Praise has been coming in thick and fast from business leaders and economic commentators for a large multibillion dollar Covid-19 stimulus package with jobs at its core, but many are concerned about a significant weakness. Dileepa Fonseka reports.
Business leaders are pleased with the $8.7 billion package announced by the Government today, but the boost may come too late for some.
New Zealand’s forestry sector was one of the first to be hit by the Covid-19 crisis.
Prue Younger, chief executive of the Forestry Industry Contractors Association (FICA), said 30 percent of her members had shut up shop since the beginning of February.
“It’s not going to pay for the cost of the business they’ve just lost,” Younger said.
“We were one of the first industries off the block and primarily have suffered for a longer period of time while other industries now have caught up,” she said.
Business NZ chief executive Kirk Hope, who was supportive of the package, said 20 percent of New Zealand’s businesses may not have been able to survive without it.
“This is beginning, not the end,” Hope said.
Tourism Industry Aotearoa CEO Chris Roberts was also pleased the Government had listened to his suggestions, and those of others in the tourism industry.
“It’s certainly welcome and it’ll be welcome for smaller businesses,” Roberts said.
‘We’re not going to be able to save every job’
Finance Minister Grant Robertson made it clear at a press conference announcing the plan that it would not save every job.
“We’re in the centre of North Island and the company we worked for, out of 16 crews they’re laying off 11 of them.”
Hope, too, acknowledged the package would “soften the blow”, not deflect it.
“The key thing is it’s not overly complicated … businesses that have been struggling can access it relatively quickly,” Hope said.
The lack of targeting would push money out into the economy by next week, he said.
“Eight billion of that [$12.1b package] will be virtually instantaneous,” Hope said.
Month of ‘carnage’
A month may not seem like a long time but it has been enough to see “carnage” in the forestry industry.
Younger said in early February, before the travel ban, forestry crews were called in and told they would either lose their contracts altogether or face a cutback in their work due to a collapse in demand from the Chinese market.
“Literally the guys turned up to work on a Monday morning and a significant number of contractors got told they were going to lose their contracts,” Younger said.
Janelle*, a forestry contractor in the Central North Island, had to let nine staff go after business shrank to zero in February.
“Some people out there have got millions of dollars worth of debt from their forestry machinery and I don’t know what they’re going to do,” Janelle said.
“We’re in the centre of North Island and the company we worked for, out of 16 crews they’re laying off 11 of them,” she said.
Janelle has sold several assets to pay back her debts and she will continue to try to sell more off in the coming months.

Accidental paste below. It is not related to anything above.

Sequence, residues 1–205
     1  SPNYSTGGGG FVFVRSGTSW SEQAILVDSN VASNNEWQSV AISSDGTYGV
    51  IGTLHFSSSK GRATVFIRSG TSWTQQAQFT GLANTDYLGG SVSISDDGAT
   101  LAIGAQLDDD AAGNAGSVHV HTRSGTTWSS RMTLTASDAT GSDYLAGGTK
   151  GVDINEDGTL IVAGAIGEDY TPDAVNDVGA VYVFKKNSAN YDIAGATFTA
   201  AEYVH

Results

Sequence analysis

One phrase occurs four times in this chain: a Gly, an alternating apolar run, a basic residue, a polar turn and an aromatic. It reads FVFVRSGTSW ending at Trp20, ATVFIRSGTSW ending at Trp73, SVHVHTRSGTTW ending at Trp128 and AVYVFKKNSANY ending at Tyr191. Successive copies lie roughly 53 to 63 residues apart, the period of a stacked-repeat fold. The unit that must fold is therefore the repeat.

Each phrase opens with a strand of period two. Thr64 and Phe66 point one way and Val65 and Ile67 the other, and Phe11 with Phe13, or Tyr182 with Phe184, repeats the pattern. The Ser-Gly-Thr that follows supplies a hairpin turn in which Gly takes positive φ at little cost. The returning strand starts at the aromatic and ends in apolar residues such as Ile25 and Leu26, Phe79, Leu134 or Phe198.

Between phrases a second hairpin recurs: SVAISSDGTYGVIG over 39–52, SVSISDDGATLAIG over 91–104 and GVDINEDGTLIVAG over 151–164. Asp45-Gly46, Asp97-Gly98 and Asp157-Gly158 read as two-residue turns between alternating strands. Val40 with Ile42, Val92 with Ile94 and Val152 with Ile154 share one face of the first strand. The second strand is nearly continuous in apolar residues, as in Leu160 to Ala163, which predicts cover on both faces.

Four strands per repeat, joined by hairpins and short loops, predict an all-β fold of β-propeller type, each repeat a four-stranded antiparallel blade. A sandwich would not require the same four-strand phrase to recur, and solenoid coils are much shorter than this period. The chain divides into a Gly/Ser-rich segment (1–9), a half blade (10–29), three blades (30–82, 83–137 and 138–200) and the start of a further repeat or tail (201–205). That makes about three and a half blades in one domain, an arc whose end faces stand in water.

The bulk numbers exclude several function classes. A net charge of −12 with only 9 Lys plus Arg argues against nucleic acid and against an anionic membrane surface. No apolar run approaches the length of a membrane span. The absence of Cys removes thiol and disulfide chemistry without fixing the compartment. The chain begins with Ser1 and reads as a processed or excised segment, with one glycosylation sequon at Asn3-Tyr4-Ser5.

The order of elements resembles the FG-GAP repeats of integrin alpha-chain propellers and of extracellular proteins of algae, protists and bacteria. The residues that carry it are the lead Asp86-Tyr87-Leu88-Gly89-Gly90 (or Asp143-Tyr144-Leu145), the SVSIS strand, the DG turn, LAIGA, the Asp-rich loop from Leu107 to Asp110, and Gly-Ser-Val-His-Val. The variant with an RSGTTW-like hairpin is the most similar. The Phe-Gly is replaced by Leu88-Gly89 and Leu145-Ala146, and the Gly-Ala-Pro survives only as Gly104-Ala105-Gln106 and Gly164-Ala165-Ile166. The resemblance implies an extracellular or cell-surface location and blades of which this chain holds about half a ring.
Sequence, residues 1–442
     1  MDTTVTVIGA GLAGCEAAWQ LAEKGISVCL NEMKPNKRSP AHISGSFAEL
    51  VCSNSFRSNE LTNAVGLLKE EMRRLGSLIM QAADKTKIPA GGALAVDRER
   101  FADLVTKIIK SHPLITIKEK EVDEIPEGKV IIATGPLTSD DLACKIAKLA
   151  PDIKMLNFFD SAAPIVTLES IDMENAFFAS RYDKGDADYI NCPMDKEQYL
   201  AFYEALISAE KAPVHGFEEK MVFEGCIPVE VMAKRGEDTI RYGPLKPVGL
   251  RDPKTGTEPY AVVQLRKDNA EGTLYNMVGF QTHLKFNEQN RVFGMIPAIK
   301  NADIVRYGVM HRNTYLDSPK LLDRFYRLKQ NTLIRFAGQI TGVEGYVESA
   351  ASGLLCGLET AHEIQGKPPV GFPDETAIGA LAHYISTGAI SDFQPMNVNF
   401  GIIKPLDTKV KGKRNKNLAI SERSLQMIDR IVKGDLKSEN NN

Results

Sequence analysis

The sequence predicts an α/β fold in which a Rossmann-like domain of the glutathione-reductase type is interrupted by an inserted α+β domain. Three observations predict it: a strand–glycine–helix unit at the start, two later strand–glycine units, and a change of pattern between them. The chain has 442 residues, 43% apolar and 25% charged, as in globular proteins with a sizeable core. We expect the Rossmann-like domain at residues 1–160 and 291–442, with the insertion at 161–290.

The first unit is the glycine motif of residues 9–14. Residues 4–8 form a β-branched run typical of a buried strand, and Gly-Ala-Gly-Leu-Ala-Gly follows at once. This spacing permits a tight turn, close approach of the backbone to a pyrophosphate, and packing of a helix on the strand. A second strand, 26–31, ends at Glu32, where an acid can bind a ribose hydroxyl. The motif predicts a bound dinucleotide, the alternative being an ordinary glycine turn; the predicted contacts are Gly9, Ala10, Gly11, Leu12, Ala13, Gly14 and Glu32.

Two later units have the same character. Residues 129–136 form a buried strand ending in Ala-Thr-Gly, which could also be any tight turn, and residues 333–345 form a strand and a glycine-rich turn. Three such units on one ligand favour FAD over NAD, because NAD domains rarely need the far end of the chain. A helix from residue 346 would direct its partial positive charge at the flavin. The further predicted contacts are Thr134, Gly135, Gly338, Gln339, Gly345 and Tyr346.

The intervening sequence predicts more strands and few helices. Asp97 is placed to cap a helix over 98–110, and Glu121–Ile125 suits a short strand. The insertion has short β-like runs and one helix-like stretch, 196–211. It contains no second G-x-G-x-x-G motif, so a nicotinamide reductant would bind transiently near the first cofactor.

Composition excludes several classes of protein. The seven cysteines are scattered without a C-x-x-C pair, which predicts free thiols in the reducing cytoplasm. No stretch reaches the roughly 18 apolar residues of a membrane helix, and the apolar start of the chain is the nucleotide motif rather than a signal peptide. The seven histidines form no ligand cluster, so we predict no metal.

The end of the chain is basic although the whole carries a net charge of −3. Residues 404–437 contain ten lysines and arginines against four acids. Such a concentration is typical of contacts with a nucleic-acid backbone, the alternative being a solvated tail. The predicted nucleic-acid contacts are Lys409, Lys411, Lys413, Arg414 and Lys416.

“At the moment we can sell off machines and things like that, but with the economy like it is, and with the forestry industry like it is, nobody is going to buy them anyway,” Janelle said.
“You’re really stuck with what you should actually do to make ends meet,” she said.
“We can try and weather this out … but how do we do that when we’ve got no income and no support from the Government?”
The wage subsidy scheme would pay out $585.80 per full-time employee, and $350 per part-time employee, each week with businesses able to claim a maximum of $150,000 per business.
Janelle said that would not have been enough to make a dent in her employee bill even if she hadn’t let her employees go.
“Those people will leave the industry and they won’t come back because of the volatility in there,” Janelle said.
Younger said she had difficulty persuading decision-makers of how serious the situation was after forestry contractors started to feel the hit in February.
“It really took a lot of effort to prove there were pockets of sustained carnage all over the country,” Younger said.
“By the time we got a cohesive reporting system going … with papers going into cabinet, it almost became too late,” she said.
Roberts said everything TIA had requested had made it onto the list, including tax changes. There was one weakness with the package: the amount each business could receive.
A cap of $150,000 for each business effectively subsidised the wages of 21 staff members, but that was much lower than the number employed at some of New Zealand’s most “crucial” tourism businesses, Roberts said.
“We have businesses right now looking at laying off 50, 100, 300 staff. They have support now to hang on to 20 of those staff but what’s going to happen to the rest?”
Sunny Kaushal, who is the owner of several hospitality businesses, agreed.
“Hotels with more than 100-200 rooms, the average hotel of that size would have 60-80 employees on average, and that doesn’t fit into that minimum criteria.”
Kaushal said the average wage at his hotel was also much higher, roughly $1000 per week, than the amount being subsidised.
Spread out across a large hotel’s workforce, that would cover a small proportion of staff wages at a time when demand had shrunk, he said.
Roberts said he understood negotiations would happen between the Government and larger tourism businesses on more tailor-made packages.
“Time is of the greatest urgency now. Those discussions with those businesses need to happen immediately,” Roberts said.
“Otherwise they’ll just be forced to lay off their staff and in some cases close down their businesses.”